Fixed-Combination Calcipotriene Plus Betamethasone Dipropionate Aerosol Foam Is Well Tolerated in Patients with Psoriasis Vulgaris: Pooled Data from Three Randomized Controlled Studies.
Menter A, Stein Gold LF, Koo J, Villumsen J, Rosén M, Lebwohl M. Fixed-Combination Calcipotriene Plus Betamethasone Dipropionate Aerosol Foam Is Well Tolerated in Patients with Psoriasis Vulgaris: Pooled Data from Three Randomized Controlled Studies.. Skinmed 2017; 15(2):119-124.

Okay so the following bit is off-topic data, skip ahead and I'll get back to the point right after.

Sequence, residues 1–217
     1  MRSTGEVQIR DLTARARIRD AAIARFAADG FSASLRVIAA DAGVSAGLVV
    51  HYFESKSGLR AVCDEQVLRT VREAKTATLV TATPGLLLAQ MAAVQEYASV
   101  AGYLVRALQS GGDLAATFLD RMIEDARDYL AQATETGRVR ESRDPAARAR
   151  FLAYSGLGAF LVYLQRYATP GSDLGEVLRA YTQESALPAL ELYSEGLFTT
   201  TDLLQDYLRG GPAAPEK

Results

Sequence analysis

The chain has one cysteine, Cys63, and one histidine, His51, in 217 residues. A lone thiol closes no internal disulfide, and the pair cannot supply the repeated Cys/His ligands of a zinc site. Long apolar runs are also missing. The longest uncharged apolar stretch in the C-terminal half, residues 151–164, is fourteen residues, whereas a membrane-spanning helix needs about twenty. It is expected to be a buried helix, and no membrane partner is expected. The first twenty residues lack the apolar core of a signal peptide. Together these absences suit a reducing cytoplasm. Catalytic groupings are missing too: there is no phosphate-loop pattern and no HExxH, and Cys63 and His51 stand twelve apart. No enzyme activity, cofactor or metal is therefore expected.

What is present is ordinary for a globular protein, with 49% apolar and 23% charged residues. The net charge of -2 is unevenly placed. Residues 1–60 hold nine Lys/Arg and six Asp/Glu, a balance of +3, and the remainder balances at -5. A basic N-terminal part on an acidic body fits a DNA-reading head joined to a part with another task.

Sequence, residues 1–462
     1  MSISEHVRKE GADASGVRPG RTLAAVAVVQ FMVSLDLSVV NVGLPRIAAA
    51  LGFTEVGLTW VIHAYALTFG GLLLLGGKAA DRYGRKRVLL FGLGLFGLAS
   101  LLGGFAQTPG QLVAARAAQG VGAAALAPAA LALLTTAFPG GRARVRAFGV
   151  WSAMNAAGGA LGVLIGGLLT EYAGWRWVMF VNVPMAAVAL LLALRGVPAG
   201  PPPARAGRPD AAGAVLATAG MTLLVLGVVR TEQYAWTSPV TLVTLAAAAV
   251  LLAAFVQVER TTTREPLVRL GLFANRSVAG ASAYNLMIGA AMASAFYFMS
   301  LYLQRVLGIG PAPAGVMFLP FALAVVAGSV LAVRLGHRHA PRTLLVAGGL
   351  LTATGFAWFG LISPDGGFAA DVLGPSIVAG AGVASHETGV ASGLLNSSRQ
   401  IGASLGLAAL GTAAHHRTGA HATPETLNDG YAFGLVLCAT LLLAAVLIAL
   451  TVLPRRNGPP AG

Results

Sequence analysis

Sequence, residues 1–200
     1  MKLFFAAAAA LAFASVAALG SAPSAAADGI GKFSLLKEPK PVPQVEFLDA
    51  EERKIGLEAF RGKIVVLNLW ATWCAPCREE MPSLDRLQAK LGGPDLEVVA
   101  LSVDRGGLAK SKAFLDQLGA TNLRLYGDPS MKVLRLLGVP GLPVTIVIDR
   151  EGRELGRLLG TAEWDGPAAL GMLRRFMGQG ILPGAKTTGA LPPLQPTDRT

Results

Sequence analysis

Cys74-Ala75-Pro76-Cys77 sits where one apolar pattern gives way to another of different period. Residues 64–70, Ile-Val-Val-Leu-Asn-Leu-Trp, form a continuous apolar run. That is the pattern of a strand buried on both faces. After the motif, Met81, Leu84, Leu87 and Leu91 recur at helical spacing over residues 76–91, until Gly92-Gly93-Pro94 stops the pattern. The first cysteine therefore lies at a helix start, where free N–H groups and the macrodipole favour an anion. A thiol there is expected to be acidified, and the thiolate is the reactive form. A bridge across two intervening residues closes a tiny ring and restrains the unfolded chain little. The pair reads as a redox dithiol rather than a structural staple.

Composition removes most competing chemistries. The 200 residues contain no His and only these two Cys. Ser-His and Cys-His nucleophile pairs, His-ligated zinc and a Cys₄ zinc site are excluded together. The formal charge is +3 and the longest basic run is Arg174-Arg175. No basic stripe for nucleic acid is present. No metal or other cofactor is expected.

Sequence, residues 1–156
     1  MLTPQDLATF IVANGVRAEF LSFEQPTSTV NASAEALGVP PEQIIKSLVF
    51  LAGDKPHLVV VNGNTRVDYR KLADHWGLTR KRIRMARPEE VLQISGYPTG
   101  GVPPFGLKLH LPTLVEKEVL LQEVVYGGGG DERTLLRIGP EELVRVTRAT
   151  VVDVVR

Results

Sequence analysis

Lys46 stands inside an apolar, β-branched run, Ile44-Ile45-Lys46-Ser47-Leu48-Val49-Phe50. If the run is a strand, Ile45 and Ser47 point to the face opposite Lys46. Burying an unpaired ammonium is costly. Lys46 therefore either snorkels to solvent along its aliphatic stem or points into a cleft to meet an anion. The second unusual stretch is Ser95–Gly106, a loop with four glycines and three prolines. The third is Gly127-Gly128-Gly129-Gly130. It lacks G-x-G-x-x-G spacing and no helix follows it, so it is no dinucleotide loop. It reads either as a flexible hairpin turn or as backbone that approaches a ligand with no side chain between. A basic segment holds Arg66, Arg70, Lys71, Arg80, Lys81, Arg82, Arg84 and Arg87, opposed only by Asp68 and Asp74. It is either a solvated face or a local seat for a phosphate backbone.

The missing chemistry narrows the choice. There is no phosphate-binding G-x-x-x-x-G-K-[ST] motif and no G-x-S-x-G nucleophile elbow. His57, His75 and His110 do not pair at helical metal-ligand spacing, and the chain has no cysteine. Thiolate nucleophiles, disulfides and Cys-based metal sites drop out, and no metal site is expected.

The authors performed a pooled analysis of three randomized, 4-week, phase II/III studies in adult patients with mild to severe psoriasis and assessed the safety/tolerability of aerosol foam fixed-combination calcipotriene 0.005% (Cal) plus betamethasone dipropionate 0.064% (BD) versus different comparators. Overall, 1104 patients were randomized to Cal/BD aerosol foam (n=564), Cal aerosol foam (n=101), BD aerosol foam (n=101), aerosol foam vehicle (n=152), Cal/BD ointment (n=135), or ointment vehicle (n=51). A total of 543 Cal/BD patients in the aerosol foam group (96.3%) completed the studies, with only two patients (0.4%) withdrawing as a result of adverse events (AEs). Ninety-five AEs were reported in 78 patients (13.8%) receiving Cal/BD aerosol foam; similar event rates were observed in other groups. The most common AEs with Cal/BD aerosol foam were nasopharyngitis (n=6, 1.1%) and application-site pain (n=4, 0.7%); most AEs were mild (n=71/95; 74.7%). Adverse drug reactions (ADRs) experienced by two or more patients receiving Cal/BD aerosol foam were application-site pain (n=4; 0.7%) and application-site pruritus (n=2; 0.4%). There were no clinically relevant changes in calcium homeostasis. Cal/BD aerosol foam has a positive benefit-risk profile for the treatment of psoriasis vulgaris; the superior efficacy versus Cal/BD ointment and the individual active ingredients is not associated with poorer tolerability.